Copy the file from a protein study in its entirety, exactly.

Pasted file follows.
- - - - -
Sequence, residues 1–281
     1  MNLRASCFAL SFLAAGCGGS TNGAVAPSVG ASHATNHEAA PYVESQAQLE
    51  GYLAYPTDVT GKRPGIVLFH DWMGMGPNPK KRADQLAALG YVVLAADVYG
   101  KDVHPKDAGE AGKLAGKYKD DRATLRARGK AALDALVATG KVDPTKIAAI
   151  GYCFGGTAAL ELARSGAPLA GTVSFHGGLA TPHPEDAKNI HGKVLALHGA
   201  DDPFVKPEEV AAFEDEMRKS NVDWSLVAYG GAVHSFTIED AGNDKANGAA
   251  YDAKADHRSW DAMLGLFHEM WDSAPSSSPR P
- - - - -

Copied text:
Sequence, residues 1–281
     1  MNLRASCFAL SFLAAGCGGS TNGAVAPSVG ASHATNHEAA PYVESQAQLE
    51  GYLAYPTDVT GKRPGIVLFH DWMGMGPNPK KRADQLAALG YVVLAADVYG
   101  KDVHPKDAGE AGKLAGKYKD DRATLRARGK AALDALVATG KVDPTKIAAI
   151  GYCFGGTAAL ELARSGAPLA GTVSFHGGLA TPHPEDAKNI HGKVLALHGA
   201  DDPFVKPEEV AAFEDEMRKS NVDWSLVAYG GAVHSFTIED AGNDKANGAA
   251  YDAKADHRSW DAMLGLFHEM WDSAPSSSPR P